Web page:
UTAGAWA HIROSHIGE 歌川広重, FUJIMI HYAKUZU 無題 [富士見百図], 1859

Artist: Utagawa Hiroshige 歌川広重 (1797-1858)

Title: Fujimi hyakuzu 無題 [富士見百図]

Date of Publication: 1859 (Ansei 6).

Publisher: Nagoya: Eirakuya Tōshirō

Medium: Woodblock printed, ink and color on paper.

Dimensions: Hanshibon: 21.7 × 15.5 cm

Gift of Arthur Tress

Kislak Center for Special Collections – Arthur Tress Collection. Box 16, Item 10.

The Fujimi hyakuzu in the Tress collection is illustrated by Utagawa Hiroshige, showing twenty double page illustrations in color with Mt. Fuji seen from various locations, and two single page illustrations. There are two preface sheets and two additional illustrations. The publisher is identified in this copy as the Nagoya publisher, Eirakuya Tōshirō (copies at The Met and the Smithsonian do not include this information). Fujimi means places where Mt. Fuji may be seen, thus, the subject of the book is Mt. Fuji and the changing landscape around the mountain. Many of the images show a gradient in the water and the sky, demonstrating the skill of the publishers.

Hiroshige is best known for his first set of great landscape prints The Fifty-three Stations of the Tōkaidō Road (ca. 1832), that captured a time of day and season in a specific space on the Tōkaidō road. After his success with this project, Hiroshige continued to create series-based artworks, and the Fujimi hyakuzu is a representative of this continued exploration in his body of work. This is also important because the title Fugaku shinkei, Real Views of Mount Fuji, is given on the covers of this book. Hiroshige also mentions in his preface that Hokusai’s Fugaku hyakkei is great work but having been created compositionally, it is not as representational but is more interpretive, and the mountain was secondary in the work. Hiroshige explains that his images, by contrast, are based on sketches of the actual representational views. The intention is to show views to individuals who do not have access to these spaces.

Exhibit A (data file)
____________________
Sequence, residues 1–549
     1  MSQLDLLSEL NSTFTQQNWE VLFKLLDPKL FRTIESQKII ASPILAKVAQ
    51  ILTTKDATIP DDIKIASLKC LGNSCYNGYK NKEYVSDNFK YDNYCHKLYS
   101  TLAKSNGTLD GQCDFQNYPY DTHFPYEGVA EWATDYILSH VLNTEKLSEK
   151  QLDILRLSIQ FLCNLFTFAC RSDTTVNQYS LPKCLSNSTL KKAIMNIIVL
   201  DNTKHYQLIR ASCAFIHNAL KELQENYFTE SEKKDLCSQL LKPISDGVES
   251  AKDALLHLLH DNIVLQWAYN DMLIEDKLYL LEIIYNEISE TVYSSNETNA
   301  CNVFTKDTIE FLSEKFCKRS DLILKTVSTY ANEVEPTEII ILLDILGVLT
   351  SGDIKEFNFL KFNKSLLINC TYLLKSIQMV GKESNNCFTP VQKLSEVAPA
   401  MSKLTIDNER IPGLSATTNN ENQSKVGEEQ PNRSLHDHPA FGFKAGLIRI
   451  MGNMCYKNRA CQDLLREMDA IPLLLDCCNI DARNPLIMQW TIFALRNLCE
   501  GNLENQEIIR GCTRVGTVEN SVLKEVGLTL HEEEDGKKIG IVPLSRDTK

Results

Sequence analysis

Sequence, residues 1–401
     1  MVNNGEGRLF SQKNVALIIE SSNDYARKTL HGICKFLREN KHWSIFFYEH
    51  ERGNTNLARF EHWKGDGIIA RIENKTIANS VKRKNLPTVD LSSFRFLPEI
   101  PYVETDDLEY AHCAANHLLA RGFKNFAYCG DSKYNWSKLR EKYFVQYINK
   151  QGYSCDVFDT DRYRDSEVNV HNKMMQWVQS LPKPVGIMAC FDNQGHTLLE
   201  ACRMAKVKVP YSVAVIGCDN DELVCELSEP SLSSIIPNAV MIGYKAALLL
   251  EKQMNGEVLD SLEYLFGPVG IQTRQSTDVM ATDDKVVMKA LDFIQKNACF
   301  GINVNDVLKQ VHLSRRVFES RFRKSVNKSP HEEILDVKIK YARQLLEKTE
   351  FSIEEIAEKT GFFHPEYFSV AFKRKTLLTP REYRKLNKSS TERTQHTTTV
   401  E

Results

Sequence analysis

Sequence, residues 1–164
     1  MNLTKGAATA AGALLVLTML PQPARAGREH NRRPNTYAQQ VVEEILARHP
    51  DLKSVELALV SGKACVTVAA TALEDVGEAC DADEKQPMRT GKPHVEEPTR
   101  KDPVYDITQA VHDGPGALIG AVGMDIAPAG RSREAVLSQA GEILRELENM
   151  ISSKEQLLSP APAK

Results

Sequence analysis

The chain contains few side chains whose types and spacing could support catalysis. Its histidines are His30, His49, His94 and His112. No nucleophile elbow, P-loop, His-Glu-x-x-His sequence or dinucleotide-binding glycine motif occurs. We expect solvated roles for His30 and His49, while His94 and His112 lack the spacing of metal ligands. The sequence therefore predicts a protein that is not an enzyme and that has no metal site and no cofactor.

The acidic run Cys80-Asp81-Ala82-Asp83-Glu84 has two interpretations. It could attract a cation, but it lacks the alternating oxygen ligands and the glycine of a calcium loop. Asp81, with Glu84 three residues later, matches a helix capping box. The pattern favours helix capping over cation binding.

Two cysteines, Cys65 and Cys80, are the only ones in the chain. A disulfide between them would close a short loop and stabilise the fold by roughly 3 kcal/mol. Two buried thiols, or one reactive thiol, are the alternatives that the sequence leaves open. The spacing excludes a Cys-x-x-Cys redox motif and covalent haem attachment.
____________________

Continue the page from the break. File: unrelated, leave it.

Hiroshige presents the images in a diptych-like fashion, spanning both pages; it suggests that he made a conscious choice to divide the landscape this way. This could be for artistic discretion, or a publisher’s choice given how the woodblock prints would work best for printing at the hanshibon size.

The gutter between the images separates them, and this separation of the images on each page gives each picture an identity. They thus could work as standalone artworks. Yet the images also serve as a single overall image connecting each page together when the book is open. The double page images bleed into each other, past their borders, thus completing the total landscape. This juxtaposition in the landscape works in two ways. First, the borders are conterminous, meaning there is a gestalt to the two single images completing the whole image. Second, the images function as if the viewer was looking through a window, or at images in a frame. This is why the diptych function is useful when describing the artwork in Fujimi hyakuzu (Toda, p. 300)

Other Copies of the Book: 

  • Pulverer Collection, Freer Gallery of Art, Smithsonian Washington DC http://pulverer.si.edu/node/1046/title/1
  • Smithsonian Libraries https://library.si.edu/digital-library/book/fujimihyakuzu00ando
  • The Metropolitan Museum of Art https://www.metmuseum.org/art/collection/search/78616

Additional Reading:

  • Toda, K. Descriptive catalogue of Japanese and Chinese illustrated books in the Ryerson Library of the Art Institute of Chicago. Mansfield Centre, CT: Martino.

Posted by Derek Rodenbeck

April 15th, 2020